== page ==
"Passage of this law sends a clear message out nationally (and globally) that a new day is dawning for total life cycle management and shared responsibility—from 'the cradle to the grave' for products containing mercury and other hazardous substances," said Mercury Policy Project Director Michael Bender.

"With this bill, Maine twice reduces the mercury in our environment," added Rep. Seth Berry, the bill's sponsor. "First, we reduce our electrical consumption; second, we ensure that CFLs are correctly disposed of. Equally important, Maine once again demonstrates to the nation that it is good business practice for manufacturers to participate in the end life of the products they bring to market."

According to the Environmental Leader website, which reported on the new bill, Massachusetts, Vermont and California are expected to follow Maine’s lead. All three states have similar bills pending. The state of Maine will oversee its lamp recycling program.

Hoteliers in the four aforementioned states should pay attention to the progress of the lamp recycling programs. No matter where your property is based, however, you need to have a CFL collection policy in place. You cannot just throw them away; they contain mercury and should be disposed of properly. Be sure to visit Green Lodging News for additional news and guidance on CFL recycling.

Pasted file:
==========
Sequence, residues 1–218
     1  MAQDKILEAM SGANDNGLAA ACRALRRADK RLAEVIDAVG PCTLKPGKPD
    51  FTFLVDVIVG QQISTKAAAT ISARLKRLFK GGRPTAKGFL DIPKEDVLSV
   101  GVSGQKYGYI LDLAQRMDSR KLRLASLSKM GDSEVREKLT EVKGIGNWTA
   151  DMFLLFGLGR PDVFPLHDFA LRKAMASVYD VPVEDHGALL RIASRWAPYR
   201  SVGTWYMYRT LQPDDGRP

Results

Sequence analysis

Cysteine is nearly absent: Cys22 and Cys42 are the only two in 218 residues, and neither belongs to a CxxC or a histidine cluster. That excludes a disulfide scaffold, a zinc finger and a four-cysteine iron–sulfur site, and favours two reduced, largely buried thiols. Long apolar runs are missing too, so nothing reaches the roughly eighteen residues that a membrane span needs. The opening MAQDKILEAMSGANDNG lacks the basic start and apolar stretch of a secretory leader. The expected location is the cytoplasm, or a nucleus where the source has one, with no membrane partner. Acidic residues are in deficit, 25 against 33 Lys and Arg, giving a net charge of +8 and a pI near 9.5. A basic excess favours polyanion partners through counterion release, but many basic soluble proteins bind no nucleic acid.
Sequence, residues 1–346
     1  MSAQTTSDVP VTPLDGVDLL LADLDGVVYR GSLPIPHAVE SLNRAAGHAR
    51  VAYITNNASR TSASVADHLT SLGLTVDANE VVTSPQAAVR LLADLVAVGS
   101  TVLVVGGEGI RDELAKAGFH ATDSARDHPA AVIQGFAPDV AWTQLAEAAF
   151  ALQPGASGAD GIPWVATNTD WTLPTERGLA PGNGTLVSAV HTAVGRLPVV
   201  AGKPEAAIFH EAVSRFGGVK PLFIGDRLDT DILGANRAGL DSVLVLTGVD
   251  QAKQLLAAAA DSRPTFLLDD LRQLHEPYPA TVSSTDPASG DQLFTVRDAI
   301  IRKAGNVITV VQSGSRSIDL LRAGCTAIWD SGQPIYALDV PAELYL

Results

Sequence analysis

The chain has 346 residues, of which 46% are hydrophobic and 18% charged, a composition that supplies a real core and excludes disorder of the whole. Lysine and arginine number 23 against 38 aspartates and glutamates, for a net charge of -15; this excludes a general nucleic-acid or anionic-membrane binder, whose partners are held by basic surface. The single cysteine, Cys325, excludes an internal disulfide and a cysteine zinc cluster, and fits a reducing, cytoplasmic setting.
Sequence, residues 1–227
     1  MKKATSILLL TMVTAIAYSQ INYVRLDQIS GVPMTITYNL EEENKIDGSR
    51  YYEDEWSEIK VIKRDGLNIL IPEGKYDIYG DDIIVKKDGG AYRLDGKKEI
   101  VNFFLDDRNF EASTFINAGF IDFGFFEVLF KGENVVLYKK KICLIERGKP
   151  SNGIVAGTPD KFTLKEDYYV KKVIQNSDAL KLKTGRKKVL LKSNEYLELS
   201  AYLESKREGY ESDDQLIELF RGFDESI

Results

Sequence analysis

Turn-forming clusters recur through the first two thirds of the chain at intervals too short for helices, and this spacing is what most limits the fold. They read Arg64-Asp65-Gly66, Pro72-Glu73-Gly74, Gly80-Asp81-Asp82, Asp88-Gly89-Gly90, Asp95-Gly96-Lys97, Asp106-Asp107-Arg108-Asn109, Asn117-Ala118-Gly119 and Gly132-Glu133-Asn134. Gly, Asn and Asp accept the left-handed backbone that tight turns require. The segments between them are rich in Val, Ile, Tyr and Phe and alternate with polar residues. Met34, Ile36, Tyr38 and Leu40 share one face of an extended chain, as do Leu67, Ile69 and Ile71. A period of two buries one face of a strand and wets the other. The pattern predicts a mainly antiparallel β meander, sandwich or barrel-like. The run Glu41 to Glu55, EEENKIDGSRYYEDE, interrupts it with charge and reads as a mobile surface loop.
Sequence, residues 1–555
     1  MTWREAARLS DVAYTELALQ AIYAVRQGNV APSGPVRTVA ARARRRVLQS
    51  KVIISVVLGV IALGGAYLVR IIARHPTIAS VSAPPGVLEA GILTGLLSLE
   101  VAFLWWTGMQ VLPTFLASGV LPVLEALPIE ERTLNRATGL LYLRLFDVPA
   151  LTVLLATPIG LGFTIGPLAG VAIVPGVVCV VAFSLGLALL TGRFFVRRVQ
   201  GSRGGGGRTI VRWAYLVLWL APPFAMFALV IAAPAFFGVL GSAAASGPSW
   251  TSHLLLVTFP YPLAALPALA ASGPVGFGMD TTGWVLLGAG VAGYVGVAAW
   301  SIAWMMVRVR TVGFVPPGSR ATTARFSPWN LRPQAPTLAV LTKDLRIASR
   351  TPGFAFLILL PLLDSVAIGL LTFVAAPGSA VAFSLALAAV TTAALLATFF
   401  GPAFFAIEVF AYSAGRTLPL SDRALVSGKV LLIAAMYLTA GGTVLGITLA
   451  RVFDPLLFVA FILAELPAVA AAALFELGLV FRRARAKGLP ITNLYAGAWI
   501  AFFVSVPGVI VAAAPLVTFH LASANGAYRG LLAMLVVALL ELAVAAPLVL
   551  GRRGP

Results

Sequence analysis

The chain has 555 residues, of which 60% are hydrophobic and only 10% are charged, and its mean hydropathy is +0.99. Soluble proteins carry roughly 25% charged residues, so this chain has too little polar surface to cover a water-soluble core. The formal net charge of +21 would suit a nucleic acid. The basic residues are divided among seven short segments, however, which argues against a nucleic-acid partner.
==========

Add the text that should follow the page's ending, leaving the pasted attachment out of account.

Wednesday, September 2, 2009

The Videoconferencing Conundrum--Part Two

In my most recent blog entry, I addressed the videoconferencing conundrum—how videoconferencing is good for the environment on the one hand but bad for the travel industry on the other. For those who are concerned about travel disappearing thanks to technology, there is some reason not to fear according to a Hospitality Sales & Marketing Association International (HSMAI) Affordable Meetings National and Event Technology Expo pre-conference survey. The survey, conducted by J. Spargo & Associates, Inc. and independently analyzed by 2020 Assessment—a service of HVS—found that many planners believe that certain elements of face-to-face conferences cannot be duplicated with today’s technology.

Seventy-six percent of meeting planners attending the HSMAI Affordable Meeting at Walter E. Washington Convention Center in Washington, D.C., on Sept. 9 to 10, 2009, stated that they used technology mostly for marketing efforts, followed by making presentations (68 percent) and networking (56 percent). However, survey results suggest that technology reportedly cannot replace at least six elements of the conference experience: 1) socializing and networking spontaneously, 2) helping attendees best put names with faces, 3) allowing more free and open dialogue between attendees and vendors/presenters, 4) training effectively via live and personal interaction, 5) paying greater attention to others when face to face, and 6) engaging in real-time conversation that is not interrupted by technical glitches.

“While the ‘always on the job’ mentality of meeting planners tends to rely on the latest technological tools for marketing, presentations and networking, there is clearly a ‘man over machine’ mindset when it comes to other elements of meetings and conferences,” says Dr. James Houran of 2020 Assessment. “Thus, the popular push for more teleconferences or Internet-based meetings, even for smaller groups, may ultimately not meet critical needs of attendees.”

What are your thoughts? At what point is a face-to-face meeting necessary or not necessary? Even if it is a meeting within your own organization and not with a client or potential client?